Referring now the drawing, FIG. 1 shows a sleeve 10 in accordance with this invention that is made of knitted inorganic fiber that are later resin impregnated before being installed and cured in place. Knitted or woven sleeve 10 is lightweight, seamless, reinforced with continuous full depth fibers, and has the added features of not requiring pre or post installation machining or exotic installation techniques.
The sleeve in a thermal protection system consists of knitted or woven sleeve 10 configured to fit the inside diameter of hot gas manifold section 12 (see FIG. 2) that is to be lined. The configured shapes of the manifold can range from simple straight cylinders to double intersecting tees. That is, the sleeve can be knitted or woven in these shapes before being inserted and bonded to the inner surface of the manifold. The thickness of sleeve 10 can be varied by the tightness of knit and the size of the yarn as it goes through a configured shape. Sleeve 10 is impregnated with an uncured resin such as any of the conventional phenolic resins is then inserted in the mandrel shape that is to be lined. The sleeve is then cured in position using solid mandrels or bleeder isolated pneumatic bladders or equivalent devices to hold sleeve 10 in position. Insulating sleeve 10 of this invention is independent of the choice of resin, yarn, the choice of stitch or weave and the cure procedure. These parameters will be selected in accordance with the particular application of sleeve 10. The smoothness of the interior of mandrel 12 can be controlled to a large extent by the resin content of sleeve 10, the tooling, and the diamteterof the yarn and tightness of knit.
A preferred embodiment of this invention uses a sleeve that is made of quartz fibers that are woven to the desired configuration, impregnated with a phenolic resin, and then placed in manifold 12 and cured in position. In some applications, it is desirable to coat the quartz fabric with zirconia or titanium and in other systems, an inorganic binder may be desirable for bonding the sleeve to the mandrel to be protected. The sleeve is installed with the wet resin or binder and then cured in position to produce a seamless liner that is in intimate contact with the inner channel surface 14 of the mandrel. By inserting the sleeve and curing it in place, the pores of the sleeve are not sealed with cured resin or other binder and any gases present or generated under the sleeve during cure can escape through the sleeve. This allows the creation of a more void free bond line of sleeve 10 to channel wall 14. It is also pointed out that sleeve 10 in the knitted form has a biaxial stretch that allows it to intimately contact all surfaces without distortion when it is installed in slightly mismatching channels. It is also pointed out, that sleeve 10 can be used to insulate cold to cryogenic fluid systems as well as hot gas manifolds.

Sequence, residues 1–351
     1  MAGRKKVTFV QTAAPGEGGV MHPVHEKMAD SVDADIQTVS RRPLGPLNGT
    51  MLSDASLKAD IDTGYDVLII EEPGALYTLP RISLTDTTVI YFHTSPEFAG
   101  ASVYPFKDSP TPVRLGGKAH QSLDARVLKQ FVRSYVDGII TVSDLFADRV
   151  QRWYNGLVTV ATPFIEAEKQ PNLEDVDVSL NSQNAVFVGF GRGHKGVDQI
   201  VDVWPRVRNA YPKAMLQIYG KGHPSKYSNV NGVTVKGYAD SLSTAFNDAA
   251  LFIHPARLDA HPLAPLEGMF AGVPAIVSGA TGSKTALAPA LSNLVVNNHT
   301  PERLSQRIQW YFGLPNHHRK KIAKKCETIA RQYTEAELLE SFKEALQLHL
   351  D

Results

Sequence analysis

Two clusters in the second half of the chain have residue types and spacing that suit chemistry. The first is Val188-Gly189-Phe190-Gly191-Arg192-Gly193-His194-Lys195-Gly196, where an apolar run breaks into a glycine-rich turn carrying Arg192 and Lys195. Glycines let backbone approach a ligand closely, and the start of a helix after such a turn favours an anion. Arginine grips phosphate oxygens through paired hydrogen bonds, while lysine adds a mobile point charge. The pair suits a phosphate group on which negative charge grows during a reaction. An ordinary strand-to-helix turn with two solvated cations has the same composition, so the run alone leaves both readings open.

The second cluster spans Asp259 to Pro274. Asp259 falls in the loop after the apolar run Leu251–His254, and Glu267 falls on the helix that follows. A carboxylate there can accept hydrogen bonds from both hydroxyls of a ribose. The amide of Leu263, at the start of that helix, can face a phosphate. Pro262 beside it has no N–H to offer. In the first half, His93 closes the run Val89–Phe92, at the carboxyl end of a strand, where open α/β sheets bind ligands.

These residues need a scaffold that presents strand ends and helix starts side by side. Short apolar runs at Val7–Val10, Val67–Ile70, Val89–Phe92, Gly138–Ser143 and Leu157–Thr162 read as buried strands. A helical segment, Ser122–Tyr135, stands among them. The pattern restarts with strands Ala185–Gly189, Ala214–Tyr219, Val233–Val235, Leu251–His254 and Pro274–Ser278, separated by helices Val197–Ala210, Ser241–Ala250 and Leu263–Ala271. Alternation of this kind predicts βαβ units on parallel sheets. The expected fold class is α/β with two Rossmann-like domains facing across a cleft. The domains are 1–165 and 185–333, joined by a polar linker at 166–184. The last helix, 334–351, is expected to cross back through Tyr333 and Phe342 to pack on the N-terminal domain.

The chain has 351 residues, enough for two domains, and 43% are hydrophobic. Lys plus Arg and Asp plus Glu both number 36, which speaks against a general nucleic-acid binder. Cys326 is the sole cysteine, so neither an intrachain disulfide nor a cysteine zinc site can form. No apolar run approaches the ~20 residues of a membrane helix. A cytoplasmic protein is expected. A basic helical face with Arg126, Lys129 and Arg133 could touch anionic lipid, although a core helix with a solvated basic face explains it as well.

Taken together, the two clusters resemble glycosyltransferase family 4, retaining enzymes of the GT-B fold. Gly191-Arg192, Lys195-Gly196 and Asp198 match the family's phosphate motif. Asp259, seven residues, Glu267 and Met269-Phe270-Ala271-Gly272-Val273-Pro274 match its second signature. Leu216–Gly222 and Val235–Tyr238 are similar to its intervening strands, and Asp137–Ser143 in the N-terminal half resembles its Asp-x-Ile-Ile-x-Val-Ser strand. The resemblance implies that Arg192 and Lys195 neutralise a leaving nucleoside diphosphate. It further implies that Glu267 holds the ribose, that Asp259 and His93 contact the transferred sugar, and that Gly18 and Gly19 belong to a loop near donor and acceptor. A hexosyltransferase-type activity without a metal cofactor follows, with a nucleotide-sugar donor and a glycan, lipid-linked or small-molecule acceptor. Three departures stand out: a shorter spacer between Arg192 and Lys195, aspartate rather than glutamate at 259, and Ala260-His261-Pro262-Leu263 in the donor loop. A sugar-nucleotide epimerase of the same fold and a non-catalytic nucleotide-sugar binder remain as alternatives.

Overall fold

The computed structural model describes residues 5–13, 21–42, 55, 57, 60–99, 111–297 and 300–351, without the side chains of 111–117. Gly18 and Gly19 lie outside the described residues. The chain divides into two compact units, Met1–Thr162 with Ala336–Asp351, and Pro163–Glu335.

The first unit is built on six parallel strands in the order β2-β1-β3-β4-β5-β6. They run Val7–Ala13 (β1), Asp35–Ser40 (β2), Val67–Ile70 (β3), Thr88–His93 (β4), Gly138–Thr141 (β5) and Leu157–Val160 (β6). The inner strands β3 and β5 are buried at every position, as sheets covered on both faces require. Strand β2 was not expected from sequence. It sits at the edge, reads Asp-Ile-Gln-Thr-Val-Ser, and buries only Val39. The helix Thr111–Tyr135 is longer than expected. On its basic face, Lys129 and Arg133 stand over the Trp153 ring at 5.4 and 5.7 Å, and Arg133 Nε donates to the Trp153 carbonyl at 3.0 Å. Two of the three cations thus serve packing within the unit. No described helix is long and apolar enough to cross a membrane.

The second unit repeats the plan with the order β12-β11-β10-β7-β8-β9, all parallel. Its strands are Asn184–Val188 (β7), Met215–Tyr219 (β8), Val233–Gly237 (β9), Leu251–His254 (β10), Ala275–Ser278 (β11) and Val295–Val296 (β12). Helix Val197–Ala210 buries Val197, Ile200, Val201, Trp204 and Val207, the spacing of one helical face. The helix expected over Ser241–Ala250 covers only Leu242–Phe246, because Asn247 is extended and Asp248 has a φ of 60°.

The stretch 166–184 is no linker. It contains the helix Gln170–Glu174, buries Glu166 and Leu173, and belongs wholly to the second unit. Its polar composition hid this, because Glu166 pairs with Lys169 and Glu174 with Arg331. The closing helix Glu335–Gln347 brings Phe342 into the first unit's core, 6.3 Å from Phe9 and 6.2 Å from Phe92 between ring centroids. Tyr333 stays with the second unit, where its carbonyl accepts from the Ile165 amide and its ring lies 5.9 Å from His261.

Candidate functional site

In operation, as can be seen sleeve 10 protects mandrel 12 and prevents if from being eroded away by the gases or fluid flowing therethrough.
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|Citing Patent||Filing date||Publication date||Applicant||Title|
|US4512042 *||May 16, 1983||Apr 23, 1985||Kohler Co.||Railing for spa or the like|
|US4576205 *||Apr 18, 1984||Mar 18, 1986||Tokyo Gas Co., Ltd.||Tubular lining material for pipe lines having bends|
|US20100112885 *||Nov 3, 2008||May 6, 2010||Joseph Loyd Vandiver||High performance liner for power plant emissions systems|
|US20100316822 *||Dec 16, 2010||Malloy Cassie M||Textile sleeve with high temperature abrasion resistant coating and methods of assembly, construction and curing thereof|
|U.S. Classification||138/123, 138/177, 138/149, 138/174, 138/DIG.2, 252/62|
|International Classification||F16L57/06, F16L59/02, F01N13/10|
|Cooperative Classification||F01N13/102, Y10S138/02, F16L57/06, F16L59/028|
|European Classification||F16L59/02F, F16L57/06, F01N13/10B|